A fine moulded porcelain dish of “Ko Sometsuke” kaiseki type decorated in underglaze blue largely in kakiwake, reverse painted style, with a floral arabesque to the rim. The cavetto plainly painted in blue wash and the well of the dish painted with auspicious pendant Buddhist jewels, yoraku, with three reserves each containing a figure of a Namban in a spotted tunic and hose with a ruff to his neck, and a matching frills to his waist and the hem of his tunic.
The rather curious “Namban” figure is a conflation of a number of European theatrical characters. The principal of which is the “Merrie Andrew” or “Jack pudding”, an English character that engendered a number of continental equivalents, “Hans Wurst” in Germany, “Jean Potage” in France, “Pickel Herring” in Holland and so on. A common feature of all the characters was a prodigious appetite for food. Inevitably one can also see elements from the commedia dell’arte figures Pulcinella and Harlequin, notably in the costume of the figure, as these various characters melded together during the course of the 18th century.
A possible direct precedent for the figure is a mid 18C Delft plate which shows two figures, the Mountebank, Hans Buling (a Dutchman), and his assistant "Merry Andrew" with their monkey on a stage. The scene is adapted from an English Print from the Cries of London series by Marcellus Laroon (also a Dutchman). Originally it appears that Han’s played the “Merry Andrew” figure himself and trained up a monkey to perform this part. Subsequently a separate Merry Andrew figure appears as part of the ensemble. Similar contemporary Arita versions of this figure show him with a “monkey” to his left and what may be a “sausage” in his hand. See Shibata Collection Volume I no 460.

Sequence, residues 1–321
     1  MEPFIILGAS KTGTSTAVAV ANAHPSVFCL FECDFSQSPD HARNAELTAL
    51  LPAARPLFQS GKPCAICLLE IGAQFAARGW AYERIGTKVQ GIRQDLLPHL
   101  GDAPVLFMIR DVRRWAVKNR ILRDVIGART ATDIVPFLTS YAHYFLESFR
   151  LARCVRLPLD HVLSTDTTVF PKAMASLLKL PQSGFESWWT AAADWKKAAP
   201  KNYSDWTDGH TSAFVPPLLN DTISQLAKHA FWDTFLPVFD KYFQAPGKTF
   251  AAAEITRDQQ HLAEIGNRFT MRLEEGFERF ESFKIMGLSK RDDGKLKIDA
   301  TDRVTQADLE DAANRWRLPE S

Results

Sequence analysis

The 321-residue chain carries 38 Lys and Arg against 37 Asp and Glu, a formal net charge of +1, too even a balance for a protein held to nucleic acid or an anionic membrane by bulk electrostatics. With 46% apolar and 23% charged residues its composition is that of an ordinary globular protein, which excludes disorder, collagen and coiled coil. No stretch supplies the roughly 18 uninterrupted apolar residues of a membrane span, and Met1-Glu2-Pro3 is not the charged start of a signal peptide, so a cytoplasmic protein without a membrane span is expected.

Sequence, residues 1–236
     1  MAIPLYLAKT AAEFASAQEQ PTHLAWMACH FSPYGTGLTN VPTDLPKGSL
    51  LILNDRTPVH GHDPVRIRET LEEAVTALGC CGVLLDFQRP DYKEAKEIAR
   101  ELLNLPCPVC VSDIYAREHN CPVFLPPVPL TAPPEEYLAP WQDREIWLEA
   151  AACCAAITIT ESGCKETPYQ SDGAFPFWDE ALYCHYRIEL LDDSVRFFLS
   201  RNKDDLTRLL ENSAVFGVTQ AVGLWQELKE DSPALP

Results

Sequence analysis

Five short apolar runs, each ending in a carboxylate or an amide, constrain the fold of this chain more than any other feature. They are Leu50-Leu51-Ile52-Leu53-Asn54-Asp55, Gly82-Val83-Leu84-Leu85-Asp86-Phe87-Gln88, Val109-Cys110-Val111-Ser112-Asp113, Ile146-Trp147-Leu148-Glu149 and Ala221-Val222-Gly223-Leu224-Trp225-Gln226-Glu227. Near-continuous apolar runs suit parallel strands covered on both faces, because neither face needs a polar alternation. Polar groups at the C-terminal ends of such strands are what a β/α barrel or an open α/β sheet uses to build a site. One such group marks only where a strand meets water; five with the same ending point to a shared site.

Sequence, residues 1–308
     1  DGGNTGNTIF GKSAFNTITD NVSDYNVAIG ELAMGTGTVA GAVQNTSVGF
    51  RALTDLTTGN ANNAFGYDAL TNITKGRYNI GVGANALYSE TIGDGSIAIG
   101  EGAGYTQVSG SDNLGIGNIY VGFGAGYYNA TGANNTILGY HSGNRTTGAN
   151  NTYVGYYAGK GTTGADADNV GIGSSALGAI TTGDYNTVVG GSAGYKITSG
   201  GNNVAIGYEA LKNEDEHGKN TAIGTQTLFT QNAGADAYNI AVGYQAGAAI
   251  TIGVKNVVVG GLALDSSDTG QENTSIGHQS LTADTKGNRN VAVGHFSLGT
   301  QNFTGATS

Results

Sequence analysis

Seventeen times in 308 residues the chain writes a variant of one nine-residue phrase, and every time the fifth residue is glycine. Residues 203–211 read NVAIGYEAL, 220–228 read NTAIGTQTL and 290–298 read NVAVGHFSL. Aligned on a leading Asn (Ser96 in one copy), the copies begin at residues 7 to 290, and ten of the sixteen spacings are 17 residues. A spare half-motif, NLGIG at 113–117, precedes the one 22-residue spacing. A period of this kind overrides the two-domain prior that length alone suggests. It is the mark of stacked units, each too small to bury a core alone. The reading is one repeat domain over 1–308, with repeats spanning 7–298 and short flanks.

The reverse is undecorated as is typical of the late 18th century. A single character mark for “Storm”, Arashi, is painted within the foot-ring. The mark occurs on porcelain that comes from one of the Kakiemon heritage kilns of the Nangawara valley. Examples of this form of dish were also produced at the Kakiemon kiln in the late seventeenth century. For similar Ko Sometsuke examples of the form see The Peony pavilion lots 220 and 221.
The dish measures 22cm in diameter and is in good condition no cracks chips or restoration. It dates to the late 18th century circa 1780-1800. Shipping at Cost.